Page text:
2021 Update #37

Survey Says!


The Highlights

  • The community weighs in on Middlebury’s downtown construction project


Thank you to the nearly 200 readers of these weekly updates who took the time earlier this month to complete a 15-question survey designed by VTrans to document the community’s assessment of the downtown construction project and to shed light on how future construction projects might benefit from lessons learned in Middlebury.


Let’s get underway this week with a few representative comments drawn from the survey.


“Town looks great. What a difference. Better than ever. Very excited about Amtrak!”


“Overall, I couldn't be happier. The bridge, tunnel, and park represent a great improvement and when a train goes through, you can't even tell. It used to be the whole downtown would shake as a train went through.”


“Impossible to address every individual concern or to alleviate all financial impact to businesses, but I thought every effort was made on every level to help and support those most impacted.”


“Neighbors Together really helped turn the attitude from dread and despair to a positive vibe of resilience and community spirit. It sure as hell worked that way on me.”


“It was a big help to always know what was going on in general, and specifically to know when the exciting parts would happen so we could go downtown to watch.”


“I've never seen a construction project of this scale with as much information sharing.”


“Frequent communication lowered the temperature in town and brought us together. This disruption was something we were all facing. We got to know the companies involved. People were doing their best and that's all that we could have required.”


“Best run project from a schedule, communication, and professionalism standpoint that I've seen in my several years around the industry.”


This is not to say that everyone was pleased with the process or that the project’s impact wasn’t keenly felt by the downtown businesses, organizations, and residents who had to shoulder four years of often-intense construction.


As one resident put it, “The people living downtown experienced MANY sleepless nights for five years.” And I know that to be true for those living on Water Street, South Pleasant Street, the Battell Block, and Seymour Street.


Still, the general consensus seems to be, as one respondent put it, “Everything went as well as could be expected.”


You can access the full survey results, including wide-ranging commentary on the individual questions, here.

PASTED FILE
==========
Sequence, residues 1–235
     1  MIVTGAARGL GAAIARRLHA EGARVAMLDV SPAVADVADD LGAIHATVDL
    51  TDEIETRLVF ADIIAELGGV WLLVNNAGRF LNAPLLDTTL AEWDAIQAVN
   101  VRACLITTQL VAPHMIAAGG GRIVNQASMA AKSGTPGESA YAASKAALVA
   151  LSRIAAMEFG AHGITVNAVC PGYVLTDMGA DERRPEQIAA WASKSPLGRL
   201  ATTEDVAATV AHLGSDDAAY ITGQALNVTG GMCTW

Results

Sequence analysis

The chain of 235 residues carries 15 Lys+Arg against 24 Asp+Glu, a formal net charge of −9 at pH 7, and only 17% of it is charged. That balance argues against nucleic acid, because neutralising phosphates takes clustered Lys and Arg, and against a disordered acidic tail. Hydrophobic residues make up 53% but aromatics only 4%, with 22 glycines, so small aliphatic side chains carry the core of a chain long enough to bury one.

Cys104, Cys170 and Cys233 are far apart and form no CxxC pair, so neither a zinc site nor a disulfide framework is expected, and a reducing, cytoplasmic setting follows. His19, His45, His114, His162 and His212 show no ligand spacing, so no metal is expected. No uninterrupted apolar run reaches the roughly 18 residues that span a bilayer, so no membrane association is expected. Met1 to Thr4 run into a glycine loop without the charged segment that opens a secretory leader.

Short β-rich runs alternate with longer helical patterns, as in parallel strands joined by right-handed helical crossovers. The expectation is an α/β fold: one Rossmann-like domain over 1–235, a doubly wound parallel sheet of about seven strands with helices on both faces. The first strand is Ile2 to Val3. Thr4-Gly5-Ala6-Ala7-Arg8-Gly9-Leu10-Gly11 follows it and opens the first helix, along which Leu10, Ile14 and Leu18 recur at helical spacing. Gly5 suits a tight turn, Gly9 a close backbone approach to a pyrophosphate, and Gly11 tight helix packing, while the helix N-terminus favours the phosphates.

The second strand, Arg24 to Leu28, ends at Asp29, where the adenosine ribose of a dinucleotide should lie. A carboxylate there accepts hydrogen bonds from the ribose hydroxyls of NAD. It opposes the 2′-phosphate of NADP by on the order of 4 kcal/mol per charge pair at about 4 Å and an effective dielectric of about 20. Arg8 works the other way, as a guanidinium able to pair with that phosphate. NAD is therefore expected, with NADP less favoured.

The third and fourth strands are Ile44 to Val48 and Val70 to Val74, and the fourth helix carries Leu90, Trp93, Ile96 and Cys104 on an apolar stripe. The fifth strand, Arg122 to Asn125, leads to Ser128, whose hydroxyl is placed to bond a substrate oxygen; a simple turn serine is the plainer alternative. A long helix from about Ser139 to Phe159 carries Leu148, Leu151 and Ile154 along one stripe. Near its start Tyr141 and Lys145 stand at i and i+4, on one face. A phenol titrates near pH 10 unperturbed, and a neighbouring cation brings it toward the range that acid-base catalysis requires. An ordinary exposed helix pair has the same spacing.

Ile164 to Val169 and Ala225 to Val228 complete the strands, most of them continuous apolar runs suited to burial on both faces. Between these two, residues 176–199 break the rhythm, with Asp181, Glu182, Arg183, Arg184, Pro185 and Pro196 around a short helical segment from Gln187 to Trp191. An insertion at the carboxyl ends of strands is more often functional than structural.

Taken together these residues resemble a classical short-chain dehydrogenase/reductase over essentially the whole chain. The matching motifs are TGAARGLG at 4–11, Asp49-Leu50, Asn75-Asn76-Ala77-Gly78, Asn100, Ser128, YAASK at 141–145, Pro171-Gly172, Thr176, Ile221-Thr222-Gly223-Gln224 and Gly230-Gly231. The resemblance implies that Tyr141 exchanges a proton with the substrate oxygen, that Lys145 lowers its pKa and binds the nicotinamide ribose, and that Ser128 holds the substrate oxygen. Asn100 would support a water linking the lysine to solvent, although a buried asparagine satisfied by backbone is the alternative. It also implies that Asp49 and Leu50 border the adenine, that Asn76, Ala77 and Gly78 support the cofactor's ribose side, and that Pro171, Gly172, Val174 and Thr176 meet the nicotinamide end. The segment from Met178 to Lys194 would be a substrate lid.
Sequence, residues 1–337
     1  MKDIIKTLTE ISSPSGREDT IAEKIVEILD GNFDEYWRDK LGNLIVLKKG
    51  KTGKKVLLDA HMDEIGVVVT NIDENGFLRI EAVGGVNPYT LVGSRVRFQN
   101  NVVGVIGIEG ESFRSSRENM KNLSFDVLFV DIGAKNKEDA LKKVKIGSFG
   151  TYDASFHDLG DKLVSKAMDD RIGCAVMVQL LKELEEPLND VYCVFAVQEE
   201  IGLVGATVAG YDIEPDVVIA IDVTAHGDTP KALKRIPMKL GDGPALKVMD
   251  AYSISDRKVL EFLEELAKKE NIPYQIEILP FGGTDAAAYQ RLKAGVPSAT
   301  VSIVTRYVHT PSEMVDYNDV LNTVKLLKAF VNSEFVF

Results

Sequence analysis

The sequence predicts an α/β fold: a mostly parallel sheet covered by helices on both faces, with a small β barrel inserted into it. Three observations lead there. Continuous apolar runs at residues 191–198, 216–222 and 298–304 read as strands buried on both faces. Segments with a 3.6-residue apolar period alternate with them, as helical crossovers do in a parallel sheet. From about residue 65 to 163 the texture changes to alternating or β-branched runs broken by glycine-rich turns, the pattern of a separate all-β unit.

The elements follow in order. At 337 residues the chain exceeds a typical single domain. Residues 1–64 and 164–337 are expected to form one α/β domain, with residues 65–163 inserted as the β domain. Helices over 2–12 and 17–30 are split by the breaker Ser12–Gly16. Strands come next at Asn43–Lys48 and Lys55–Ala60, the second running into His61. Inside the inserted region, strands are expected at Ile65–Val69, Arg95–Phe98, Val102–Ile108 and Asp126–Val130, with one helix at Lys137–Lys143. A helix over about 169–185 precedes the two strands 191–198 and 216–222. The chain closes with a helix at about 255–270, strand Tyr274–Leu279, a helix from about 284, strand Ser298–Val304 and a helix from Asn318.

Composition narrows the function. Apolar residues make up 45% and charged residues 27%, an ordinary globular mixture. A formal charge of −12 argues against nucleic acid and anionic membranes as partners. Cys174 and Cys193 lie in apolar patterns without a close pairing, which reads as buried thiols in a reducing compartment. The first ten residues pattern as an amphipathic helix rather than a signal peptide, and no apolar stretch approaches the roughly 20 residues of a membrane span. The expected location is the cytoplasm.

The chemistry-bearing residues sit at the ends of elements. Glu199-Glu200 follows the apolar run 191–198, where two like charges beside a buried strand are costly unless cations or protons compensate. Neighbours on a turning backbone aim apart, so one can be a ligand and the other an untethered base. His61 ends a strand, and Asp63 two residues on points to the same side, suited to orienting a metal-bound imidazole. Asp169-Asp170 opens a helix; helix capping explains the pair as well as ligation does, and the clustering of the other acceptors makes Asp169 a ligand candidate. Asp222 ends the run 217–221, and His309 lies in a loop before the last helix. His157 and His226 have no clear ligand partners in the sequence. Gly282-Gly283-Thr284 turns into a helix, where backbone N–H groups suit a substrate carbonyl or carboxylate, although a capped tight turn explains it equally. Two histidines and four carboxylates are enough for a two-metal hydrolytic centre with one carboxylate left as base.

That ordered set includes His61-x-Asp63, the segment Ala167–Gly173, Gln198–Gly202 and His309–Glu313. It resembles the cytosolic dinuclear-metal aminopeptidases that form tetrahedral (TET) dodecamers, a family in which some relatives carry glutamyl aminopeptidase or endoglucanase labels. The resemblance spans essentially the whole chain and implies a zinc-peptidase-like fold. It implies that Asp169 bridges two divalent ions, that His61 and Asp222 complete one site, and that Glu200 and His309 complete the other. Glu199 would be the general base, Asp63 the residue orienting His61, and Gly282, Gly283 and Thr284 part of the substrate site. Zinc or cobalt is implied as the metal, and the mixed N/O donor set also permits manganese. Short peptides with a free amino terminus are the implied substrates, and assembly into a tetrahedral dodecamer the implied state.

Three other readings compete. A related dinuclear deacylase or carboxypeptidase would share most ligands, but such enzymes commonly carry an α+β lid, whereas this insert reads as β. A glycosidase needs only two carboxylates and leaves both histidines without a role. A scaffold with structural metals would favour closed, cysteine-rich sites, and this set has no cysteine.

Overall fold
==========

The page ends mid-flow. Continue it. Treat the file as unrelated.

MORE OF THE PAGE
About the Survey

As you’ll see in Question 1, survey responders were sorted into two categories based on their relationship to downtown Middlebury: Locals (those who live and work in Middlebury and those who work in Middlebury but live elsewhere) and Regionals (those who live in another town and regularly visit or drive through Middlebury and occasional visitors to Middlebury).


Some 80% of responders fell into the Locals category. In Question 2, 90% of the Locals tell us they were downtown two or three times a week if not daily during construction so these folks experienced the construction up close.


It’s interesting to note that in Question 3 nearly two-thirds of Locals report that they made no change to the frequency of their visits to downtown Middlebury during construction or came down more frequently to support our businesses and/or to view the construction.


That is a direct result of the extensive work done by Neighbors Together volunteers and the Better Middlebury Partnership to maintain the well-being and vitality of our downtown businesses and organizations through a broad range of VTrans-funded marketing initiatives. This is your community rising to the challenge.


When asked, in Question 4, to record their overall level of satisfaction with the end result of the project, 83% of Locals said they were very satisfied while 14% were somewhat satisfied, a remarkably high degree of satisfaction that probably reflects not just what was accomplished but how it was done.


Other questions asked how well the project did in taking local concerns into consideration, about the level of engagement with the community through public meetings, the quality of project updates, and the performance of Kubricky and its subcontractors, many of whom, like Maine Drilling & Blasting, you’ve gotten to know through these updates.


This was one of the Vermont Agency of Transportation’s first projects to incorporate a local community liaison into the project team. It was gratifying to see that 98% of Locals felt that that investment paid off by creating a common understanding of the project’s phases and goals and by giving the community a voice that would be heard.


“The tone of the communication was accurate, empathetic, and created a sense of unity in the community that really helped us get through this incredibly complex and lengthy project.”


“I felt connected to this project in a way that I would not have otherwise.”


As our project passes into history, I hope you are able to take a few minutes to read through the survey results. I’ll be back with some final updates and thoughts on our project in December.


Let’s end with a final comment from the survey that may sum up how many now feel.


““The town of Middlebury has been forever changed for the better.”


And with that, here’s wishing you and yours a Happy Thanksgiving!


That’s all for today. See you downtown.


Please keep your comments and questions coming. Send me an email at jgish@townofmiddlebury.org and I’ll try to cover it in my next update.

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